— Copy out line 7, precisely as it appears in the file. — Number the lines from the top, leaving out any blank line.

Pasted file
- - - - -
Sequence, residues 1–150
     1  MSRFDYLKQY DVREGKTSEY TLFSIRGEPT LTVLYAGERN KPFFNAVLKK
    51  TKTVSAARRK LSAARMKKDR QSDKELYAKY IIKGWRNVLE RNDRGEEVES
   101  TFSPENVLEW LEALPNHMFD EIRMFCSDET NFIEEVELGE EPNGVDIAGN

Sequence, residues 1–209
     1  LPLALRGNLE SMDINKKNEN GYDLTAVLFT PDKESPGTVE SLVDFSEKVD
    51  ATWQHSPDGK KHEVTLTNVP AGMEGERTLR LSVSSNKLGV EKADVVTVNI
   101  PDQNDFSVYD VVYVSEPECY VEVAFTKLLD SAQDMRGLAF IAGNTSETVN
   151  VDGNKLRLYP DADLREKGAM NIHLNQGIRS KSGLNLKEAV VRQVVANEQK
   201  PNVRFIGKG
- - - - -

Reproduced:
    51  ATWQHSPDGK KHEVTLTNVP AGMEGERTLR LSVSSNKLGV EKADVVTVNI